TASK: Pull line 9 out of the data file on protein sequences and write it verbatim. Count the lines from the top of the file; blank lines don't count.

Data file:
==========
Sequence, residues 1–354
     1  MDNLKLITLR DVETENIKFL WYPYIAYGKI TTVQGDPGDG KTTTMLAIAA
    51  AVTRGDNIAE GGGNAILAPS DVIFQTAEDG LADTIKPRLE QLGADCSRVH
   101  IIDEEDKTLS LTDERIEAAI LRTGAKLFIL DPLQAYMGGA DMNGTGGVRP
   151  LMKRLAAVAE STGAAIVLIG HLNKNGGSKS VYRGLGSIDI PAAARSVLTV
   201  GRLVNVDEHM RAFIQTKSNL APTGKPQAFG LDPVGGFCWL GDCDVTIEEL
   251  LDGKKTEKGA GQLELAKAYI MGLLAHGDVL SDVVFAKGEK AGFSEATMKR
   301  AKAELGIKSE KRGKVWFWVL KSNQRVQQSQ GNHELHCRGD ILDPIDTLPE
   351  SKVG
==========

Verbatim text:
   351  SKVG